The game also lets you invest, if you wish, in a program to develop nuclear weapons. These programs are expensive, and can take years to show results — a long time in a game where each turn is a month long. And money you funnel towards nukes is money you can’t spend on conventional weapons, which weakens your military posture. But if you manage to actually build one, your position in the game changes overnight — nobody’s going to invade a country with nuclear weapons. Except a country with nuclear weapons of its own, of course. And your opponents can invest in their own nuclear programs, just as you can. If your intelligence services spot another country working on a nuke program, you can use your air force to try and bomb it out of existence before it bears fruit, a la Operation Opera. But the success of such a raid is not guaranteed, and a failed raid can leave you with a furious neighbor on the verge of having its own nuclear arsenal. (And, of course, your neighbors can try to bomb your reactors, too.)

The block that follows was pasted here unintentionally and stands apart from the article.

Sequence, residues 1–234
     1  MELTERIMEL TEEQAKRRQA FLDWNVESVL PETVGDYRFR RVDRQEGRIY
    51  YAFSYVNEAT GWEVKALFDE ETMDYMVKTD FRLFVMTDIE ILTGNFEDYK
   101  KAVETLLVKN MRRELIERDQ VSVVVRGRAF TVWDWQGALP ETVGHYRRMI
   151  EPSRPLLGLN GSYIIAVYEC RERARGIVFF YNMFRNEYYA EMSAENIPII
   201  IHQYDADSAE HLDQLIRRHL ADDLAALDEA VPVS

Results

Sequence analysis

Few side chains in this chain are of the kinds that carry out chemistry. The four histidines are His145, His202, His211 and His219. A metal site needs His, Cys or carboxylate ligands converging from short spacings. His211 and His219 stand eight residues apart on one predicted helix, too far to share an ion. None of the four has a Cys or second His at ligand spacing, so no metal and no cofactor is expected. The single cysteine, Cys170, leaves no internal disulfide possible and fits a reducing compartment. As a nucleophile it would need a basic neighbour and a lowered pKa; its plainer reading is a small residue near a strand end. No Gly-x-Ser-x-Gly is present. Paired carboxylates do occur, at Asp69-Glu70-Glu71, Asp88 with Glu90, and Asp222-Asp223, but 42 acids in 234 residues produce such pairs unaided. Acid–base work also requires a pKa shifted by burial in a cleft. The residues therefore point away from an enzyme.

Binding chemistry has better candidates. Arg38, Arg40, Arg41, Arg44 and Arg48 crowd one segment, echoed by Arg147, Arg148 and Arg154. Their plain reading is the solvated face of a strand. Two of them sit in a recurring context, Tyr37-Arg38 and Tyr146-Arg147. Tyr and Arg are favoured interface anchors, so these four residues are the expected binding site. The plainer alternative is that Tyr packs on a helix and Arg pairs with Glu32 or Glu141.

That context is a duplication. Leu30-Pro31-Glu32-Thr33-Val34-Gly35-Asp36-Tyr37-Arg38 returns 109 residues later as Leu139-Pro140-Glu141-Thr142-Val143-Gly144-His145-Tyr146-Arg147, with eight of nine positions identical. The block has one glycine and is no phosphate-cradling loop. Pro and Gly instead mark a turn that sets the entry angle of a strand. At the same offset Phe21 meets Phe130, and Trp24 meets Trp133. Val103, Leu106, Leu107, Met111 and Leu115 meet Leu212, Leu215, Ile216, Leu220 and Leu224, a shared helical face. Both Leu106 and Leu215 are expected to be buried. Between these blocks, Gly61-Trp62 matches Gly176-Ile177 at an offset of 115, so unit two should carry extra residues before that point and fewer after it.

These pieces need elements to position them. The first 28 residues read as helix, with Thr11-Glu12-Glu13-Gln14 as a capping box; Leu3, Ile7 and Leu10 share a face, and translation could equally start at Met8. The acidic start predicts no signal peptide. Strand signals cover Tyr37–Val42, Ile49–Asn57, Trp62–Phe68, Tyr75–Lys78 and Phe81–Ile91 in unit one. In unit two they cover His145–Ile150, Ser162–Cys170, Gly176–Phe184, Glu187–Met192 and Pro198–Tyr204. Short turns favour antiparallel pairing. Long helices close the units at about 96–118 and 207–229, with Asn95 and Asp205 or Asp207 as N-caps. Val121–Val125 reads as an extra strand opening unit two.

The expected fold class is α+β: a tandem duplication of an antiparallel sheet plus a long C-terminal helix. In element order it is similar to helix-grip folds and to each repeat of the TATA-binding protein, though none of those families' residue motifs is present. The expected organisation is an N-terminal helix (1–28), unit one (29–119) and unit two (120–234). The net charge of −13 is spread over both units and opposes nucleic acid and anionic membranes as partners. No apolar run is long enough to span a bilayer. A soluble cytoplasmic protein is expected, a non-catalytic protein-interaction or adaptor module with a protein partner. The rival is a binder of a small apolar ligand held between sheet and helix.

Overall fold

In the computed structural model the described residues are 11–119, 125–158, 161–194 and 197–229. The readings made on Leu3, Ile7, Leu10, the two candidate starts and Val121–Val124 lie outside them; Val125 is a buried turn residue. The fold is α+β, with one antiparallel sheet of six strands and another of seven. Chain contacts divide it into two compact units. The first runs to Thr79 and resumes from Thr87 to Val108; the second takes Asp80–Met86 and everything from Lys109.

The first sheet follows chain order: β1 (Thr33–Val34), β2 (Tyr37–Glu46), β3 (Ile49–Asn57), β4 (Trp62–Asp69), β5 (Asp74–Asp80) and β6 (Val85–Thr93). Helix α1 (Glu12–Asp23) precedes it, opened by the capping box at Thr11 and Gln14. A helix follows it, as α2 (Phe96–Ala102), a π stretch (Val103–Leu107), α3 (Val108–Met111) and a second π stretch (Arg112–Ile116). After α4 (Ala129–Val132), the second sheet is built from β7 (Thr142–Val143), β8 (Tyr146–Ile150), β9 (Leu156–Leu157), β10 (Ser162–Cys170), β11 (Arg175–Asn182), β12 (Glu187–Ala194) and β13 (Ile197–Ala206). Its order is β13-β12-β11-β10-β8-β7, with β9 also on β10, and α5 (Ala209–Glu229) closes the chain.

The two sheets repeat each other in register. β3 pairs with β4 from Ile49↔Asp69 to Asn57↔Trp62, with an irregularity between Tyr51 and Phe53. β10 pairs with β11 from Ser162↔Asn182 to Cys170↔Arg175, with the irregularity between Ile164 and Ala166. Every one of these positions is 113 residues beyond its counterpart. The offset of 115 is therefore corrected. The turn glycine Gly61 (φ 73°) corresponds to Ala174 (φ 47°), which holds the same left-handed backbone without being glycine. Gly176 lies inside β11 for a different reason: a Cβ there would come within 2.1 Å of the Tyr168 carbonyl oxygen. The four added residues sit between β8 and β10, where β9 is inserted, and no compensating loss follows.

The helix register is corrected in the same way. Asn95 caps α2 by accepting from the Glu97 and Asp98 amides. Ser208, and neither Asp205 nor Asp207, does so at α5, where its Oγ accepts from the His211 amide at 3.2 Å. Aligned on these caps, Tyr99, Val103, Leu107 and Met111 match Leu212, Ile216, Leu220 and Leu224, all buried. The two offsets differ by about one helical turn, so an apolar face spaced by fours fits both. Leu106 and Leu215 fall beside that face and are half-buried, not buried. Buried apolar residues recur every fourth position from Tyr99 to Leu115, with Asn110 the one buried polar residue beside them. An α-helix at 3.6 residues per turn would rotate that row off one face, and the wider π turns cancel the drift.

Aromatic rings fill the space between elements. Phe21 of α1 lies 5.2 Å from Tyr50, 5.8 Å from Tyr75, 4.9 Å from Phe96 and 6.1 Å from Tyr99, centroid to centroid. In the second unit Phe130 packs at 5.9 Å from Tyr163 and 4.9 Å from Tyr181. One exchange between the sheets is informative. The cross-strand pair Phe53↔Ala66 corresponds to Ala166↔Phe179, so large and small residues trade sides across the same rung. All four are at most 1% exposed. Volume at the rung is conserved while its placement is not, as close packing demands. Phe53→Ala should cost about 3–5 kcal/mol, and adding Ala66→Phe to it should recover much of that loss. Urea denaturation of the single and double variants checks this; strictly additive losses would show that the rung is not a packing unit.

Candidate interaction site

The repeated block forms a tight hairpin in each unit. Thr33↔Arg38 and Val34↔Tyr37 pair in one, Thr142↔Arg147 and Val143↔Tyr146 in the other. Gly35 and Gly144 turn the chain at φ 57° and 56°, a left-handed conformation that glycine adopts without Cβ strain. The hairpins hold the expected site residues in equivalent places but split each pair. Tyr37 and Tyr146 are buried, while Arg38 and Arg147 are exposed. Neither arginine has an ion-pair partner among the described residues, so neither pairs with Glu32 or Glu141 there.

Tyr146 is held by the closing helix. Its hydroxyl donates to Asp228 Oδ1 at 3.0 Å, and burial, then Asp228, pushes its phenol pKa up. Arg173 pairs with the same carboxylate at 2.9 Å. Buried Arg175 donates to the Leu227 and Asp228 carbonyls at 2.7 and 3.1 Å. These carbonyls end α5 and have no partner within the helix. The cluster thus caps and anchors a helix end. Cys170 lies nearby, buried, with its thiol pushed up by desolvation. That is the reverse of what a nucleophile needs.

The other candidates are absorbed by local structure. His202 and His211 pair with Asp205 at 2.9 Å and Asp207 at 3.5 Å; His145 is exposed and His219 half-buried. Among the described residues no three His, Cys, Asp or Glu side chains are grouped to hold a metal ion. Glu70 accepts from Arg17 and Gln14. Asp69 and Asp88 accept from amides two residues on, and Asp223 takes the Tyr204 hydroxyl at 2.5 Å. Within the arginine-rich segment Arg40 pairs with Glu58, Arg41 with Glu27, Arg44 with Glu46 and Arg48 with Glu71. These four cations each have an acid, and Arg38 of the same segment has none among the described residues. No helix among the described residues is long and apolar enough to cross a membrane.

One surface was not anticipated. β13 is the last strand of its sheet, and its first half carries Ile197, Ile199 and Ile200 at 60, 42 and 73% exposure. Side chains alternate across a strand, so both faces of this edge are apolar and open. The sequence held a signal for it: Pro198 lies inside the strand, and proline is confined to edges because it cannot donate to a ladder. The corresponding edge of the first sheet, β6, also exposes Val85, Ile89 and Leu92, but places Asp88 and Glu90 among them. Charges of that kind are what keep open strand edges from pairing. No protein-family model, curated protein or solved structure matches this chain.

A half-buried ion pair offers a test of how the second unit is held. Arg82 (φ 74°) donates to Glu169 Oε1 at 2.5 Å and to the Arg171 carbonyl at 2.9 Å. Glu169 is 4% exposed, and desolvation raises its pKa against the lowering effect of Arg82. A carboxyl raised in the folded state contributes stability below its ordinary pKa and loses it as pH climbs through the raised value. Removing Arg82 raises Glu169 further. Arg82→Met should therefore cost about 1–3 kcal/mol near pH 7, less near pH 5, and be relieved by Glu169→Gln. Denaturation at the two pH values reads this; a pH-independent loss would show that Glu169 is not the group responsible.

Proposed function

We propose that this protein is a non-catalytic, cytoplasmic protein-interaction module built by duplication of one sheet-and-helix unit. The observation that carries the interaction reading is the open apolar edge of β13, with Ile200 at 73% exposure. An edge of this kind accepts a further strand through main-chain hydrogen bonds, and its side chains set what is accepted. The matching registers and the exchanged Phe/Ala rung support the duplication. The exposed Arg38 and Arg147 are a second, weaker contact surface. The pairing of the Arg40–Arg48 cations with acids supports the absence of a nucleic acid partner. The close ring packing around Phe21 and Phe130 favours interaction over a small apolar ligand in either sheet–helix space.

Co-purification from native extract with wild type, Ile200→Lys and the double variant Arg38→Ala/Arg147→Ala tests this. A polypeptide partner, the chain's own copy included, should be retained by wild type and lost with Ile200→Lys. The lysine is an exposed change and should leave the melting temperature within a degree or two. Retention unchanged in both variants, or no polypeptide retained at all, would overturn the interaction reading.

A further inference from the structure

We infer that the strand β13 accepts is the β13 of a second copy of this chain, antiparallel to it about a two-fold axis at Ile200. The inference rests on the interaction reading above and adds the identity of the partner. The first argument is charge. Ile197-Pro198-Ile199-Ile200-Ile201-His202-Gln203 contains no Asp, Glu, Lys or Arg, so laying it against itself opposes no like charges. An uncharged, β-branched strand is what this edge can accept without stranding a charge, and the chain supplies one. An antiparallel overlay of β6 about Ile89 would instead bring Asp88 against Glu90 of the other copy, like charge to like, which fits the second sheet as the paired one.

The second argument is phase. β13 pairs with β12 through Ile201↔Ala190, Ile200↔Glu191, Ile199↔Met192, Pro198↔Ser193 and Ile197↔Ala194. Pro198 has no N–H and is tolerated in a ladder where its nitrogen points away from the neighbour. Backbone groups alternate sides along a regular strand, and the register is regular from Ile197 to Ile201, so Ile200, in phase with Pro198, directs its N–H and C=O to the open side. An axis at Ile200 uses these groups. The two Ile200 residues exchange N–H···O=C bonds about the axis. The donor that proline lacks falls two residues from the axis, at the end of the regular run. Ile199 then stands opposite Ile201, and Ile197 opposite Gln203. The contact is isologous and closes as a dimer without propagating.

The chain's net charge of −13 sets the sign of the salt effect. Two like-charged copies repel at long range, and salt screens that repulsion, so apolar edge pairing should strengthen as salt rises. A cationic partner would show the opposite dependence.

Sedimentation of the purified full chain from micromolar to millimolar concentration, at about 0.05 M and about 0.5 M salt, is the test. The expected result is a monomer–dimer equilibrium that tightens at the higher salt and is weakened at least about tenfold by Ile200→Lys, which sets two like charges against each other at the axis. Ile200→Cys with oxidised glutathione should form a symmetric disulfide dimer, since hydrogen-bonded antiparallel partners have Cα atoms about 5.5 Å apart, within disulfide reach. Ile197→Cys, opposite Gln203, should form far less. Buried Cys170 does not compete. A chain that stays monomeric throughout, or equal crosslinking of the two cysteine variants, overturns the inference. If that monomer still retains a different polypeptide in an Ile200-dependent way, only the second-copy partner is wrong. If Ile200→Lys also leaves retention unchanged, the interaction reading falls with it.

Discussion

Meanwhile, while all of this is going on, you have to deal with the Palestinians and the United Nations as well. The “Palestinian Problem” will periodically flare up, requiring deployment of troops in the West Bank to tamp it down — troops who thus can’t be available to defend your borders or fight your wars. And the U.N. constantly wants you to sign agreements to limit the size of your military and make concessions to the Palestinians — agreements that can buy you better relations with the world, but at the cost of reducing your freedom of action in the region.